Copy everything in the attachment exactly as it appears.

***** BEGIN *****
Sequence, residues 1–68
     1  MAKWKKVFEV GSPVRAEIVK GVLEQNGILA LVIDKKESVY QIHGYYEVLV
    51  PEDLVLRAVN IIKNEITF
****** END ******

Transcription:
Sequence, residues 1–68
     1  MAKWKKVFEV GSPVRAEIVK GVLEQNGILA LVIDKKESVY QIHGYYEVLV
    51  PEDLVLRAVN IIKNEITF